Advertisement

Detection of water vapor in the atmosphere of a hot Jupiter

February 25, 2014 8:27 am | by Jessica Stoller-Conrad, Caltech | News | Comments

Although liquid water covers a majority of Earth's surface, scientists are still searching for planets outside of our solar system that contain water. Researchers have used a new technique to analyze the gaseous atmospheres of such extrasolar planets and have made the first detection of water in the atmosphere of the Jupiter-mass planet orbiting the nearby star tau Boötis.

Closing the “free will” loophole

February 20, 2014 8:01 am | by Jennifer Chu, MIT News Office | News | Comments

In a recently published paper, researchers proposed an experiment that may close the last major loophole of Bell’s inequality, a 50-year-old theorem that, if violated by experiments, would mean that our universe is based not on the textbook laws of classical physics, but on the less-tangible probabilities of quantum mechanics. Such a quantum view would allow for seemingly counterintuitive phenomena such as entanglement.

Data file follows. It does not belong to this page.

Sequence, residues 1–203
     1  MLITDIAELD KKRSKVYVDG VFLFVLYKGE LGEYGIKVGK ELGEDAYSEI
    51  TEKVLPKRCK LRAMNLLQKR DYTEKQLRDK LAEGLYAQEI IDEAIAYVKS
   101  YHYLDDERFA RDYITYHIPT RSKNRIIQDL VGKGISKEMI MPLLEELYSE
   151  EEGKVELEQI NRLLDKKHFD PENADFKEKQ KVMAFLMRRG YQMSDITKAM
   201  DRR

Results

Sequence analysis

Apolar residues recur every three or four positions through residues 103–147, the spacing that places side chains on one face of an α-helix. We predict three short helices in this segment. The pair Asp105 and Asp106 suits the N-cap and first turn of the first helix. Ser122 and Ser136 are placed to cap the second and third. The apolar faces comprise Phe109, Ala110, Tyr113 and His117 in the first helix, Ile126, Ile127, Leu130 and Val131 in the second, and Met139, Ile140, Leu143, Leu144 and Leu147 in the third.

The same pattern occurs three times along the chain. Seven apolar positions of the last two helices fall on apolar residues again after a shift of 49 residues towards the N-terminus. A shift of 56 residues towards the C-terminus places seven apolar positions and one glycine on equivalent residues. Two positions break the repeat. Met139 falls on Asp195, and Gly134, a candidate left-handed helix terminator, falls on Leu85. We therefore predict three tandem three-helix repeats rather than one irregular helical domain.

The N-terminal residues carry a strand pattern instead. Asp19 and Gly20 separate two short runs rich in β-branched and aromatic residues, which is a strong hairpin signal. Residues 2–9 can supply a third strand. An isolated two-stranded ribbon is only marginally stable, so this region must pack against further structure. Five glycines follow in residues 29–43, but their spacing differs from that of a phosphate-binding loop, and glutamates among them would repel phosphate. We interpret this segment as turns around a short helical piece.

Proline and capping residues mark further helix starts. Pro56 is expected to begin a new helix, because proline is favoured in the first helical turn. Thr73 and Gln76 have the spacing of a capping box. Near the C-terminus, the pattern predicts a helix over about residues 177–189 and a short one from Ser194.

NuSTAR helps untangle how stars explode

February 19, 2014 2:51 pm | News | Comments

For the first time, an international team of astrophysicists has unraveled how stars blow up in supernova explosions. Using NASA's Nuclear Spectroscopic Telescope Array (NuSTAR), the international collaboration created the first-ever map of radioactive material in a supernova remnant, named Cassiopeia A. The findings reveal how shock waves likely rip apart massive dying stars, and ultimately end their lives.

Heavy Flavor Tracker boosts physics work at STAR experiment

February 19, 2014 7:56 am | by Lynn Yarris, Lawrence Berkeley National Laboratory | News | Comments